Studying human anatomy can be fascinating and challenging. There are many detailed aspects of anatomy and it can be difficult to discern what level of understanding is needed for the exam and for practical application as an exercise professional. Exam candidates often ask how to study anatomy and if it is imperative to memorize everything. This blog covers what you need to know, how to approach your studies, and ideas for applying what you are learning.
- What You Need to Know
It is important to understand what you need to know and what is nice to know. While it will not be imperative to identify the location of every muscle that makes up the human body on an anatomical figure, for example, you should have a basic understanding of how the major muscle groups work as a whole. Knowing the names of muscle groups, where they are located, how they make the body move, and what exercises target each group is central to both preparing for the exam and the successful application of exercise program design and implementation. The following blog articles help to identify those components:
One way to learn and apply this information is to focus on the muscles and movements of one muscle group each week. Use your own body to learn muscle locations, how they make the limbs and body parts move, and which exercises target each group – get up, move, and create actions for your own muscles. Look at a picture of the muscle, find it on your body, and visualize how activating the muscle causes movement. Understanding where muscles are located and where they originate and insert can help you develop a better understanding of the movements associated with that muscle.
- Understand How You Learn Best
There are different ways to learn new information and it is important to make your preferred learning style a priority. Maybe you’re a visual learner, maybe you learn best by practicing, or maybe you prefer making flashcards and taking notes. If you don’t know how you learn best – experiment! Play around with different learning styles and see what works for you. And how will you know what is working? Test yourself. After trying different study methods, quiz yourself to see what you retained. There are lots of resources and tools in your online ACE account as well as outside resources, such as Quizlet Flashcards, anatomy websites like GetBodySmart, or YouTube videos.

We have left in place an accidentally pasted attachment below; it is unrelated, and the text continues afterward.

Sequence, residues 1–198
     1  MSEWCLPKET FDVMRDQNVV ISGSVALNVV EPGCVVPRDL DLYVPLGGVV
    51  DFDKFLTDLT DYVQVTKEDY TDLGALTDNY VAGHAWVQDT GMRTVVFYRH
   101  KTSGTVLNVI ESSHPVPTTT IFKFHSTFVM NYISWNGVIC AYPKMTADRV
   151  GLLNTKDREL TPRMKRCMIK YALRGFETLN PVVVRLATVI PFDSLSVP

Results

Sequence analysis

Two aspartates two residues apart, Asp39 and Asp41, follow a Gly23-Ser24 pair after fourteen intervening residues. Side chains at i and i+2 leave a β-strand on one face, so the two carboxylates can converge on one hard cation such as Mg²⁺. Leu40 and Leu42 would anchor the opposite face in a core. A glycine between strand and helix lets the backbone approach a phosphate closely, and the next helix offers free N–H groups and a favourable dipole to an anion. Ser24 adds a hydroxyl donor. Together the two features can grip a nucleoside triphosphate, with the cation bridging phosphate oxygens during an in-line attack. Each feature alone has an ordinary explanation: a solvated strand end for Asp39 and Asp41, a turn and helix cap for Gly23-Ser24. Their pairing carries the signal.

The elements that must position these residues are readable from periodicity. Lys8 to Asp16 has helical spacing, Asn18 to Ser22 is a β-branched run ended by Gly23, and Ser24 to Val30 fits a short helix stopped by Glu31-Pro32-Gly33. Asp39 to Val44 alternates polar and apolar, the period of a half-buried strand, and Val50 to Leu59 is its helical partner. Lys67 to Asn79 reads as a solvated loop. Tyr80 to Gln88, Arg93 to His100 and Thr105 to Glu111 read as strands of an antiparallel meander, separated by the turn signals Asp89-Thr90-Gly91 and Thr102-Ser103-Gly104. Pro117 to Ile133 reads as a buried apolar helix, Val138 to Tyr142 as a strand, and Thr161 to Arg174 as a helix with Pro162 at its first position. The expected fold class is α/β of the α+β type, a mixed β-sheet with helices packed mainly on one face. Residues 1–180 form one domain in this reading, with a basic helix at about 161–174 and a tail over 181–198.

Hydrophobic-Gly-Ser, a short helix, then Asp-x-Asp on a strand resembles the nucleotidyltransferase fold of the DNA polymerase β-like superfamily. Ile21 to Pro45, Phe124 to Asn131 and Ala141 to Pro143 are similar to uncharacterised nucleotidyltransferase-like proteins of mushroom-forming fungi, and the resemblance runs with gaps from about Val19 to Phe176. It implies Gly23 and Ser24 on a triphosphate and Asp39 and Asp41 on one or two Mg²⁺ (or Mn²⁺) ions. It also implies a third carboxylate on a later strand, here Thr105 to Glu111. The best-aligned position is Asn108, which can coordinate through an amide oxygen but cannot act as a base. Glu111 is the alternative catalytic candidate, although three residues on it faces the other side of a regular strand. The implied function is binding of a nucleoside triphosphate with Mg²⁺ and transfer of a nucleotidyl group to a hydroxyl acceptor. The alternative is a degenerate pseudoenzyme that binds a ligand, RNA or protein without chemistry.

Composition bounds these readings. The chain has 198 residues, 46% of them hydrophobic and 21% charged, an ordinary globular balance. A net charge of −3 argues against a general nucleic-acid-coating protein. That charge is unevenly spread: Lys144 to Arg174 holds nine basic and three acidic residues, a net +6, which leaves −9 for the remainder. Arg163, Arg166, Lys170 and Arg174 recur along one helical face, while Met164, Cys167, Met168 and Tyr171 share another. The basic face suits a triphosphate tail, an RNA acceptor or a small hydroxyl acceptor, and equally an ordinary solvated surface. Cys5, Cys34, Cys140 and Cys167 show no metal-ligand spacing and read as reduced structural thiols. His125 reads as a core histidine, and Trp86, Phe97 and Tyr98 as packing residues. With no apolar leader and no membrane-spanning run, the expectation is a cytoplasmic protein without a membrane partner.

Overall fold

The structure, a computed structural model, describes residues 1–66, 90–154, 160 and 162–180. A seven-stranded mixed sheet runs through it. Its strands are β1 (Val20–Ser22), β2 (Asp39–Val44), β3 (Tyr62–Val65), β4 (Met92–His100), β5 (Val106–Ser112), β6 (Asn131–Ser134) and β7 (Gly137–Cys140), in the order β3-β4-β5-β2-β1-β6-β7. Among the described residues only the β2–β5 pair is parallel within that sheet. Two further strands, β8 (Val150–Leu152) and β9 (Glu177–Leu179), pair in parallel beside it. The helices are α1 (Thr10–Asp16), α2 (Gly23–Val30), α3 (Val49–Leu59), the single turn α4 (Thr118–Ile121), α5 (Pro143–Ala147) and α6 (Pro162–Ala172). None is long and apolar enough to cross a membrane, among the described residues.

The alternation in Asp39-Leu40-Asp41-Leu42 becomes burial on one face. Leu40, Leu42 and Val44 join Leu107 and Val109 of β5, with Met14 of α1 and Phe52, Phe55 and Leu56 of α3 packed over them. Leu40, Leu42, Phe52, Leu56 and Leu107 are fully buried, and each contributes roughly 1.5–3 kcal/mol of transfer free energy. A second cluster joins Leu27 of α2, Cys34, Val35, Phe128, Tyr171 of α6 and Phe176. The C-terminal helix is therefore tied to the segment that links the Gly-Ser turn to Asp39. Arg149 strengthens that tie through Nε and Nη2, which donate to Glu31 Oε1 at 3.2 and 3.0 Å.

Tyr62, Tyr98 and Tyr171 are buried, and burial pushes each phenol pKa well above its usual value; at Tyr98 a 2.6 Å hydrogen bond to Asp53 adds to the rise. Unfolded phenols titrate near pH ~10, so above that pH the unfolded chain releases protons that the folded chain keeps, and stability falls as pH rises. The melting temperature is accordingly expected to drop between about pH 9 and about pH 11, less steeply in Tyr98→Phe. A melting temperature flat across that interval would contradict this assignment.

- Taking It to the Next Step
Once you’ve identified what you need to know about human anatomy and how you can learn it, think about Connecting the Dots between memorization and practical application. This includes examining anatomical and regional terms describing locations of muscles and bones and how making observations during assessments indicates both functional and dysfunctional muscle actions. Also, if knowing the origin and insertion points helps you to understand muscle actions and joint movements to comprehend anatomy better, then take the time to learn it.
Lastly, apply what you are learning. You can incorporate anatomical terminology and information into your everyday activities without even studying. For example, while reaching for your coffee mug, shutting the car door, exercising at the gym, or bending down to pick up a book, feel the action, and then picture the muscles associated with that movement. Then try to name the muscles used.
Understanding and applying anatomy is important not only for the exam but it is foundational knowledge that all exercise professionals need to critically observe client movements, successfully create and implement exercise programs, and to confidently interact within the allied healthcare continuum.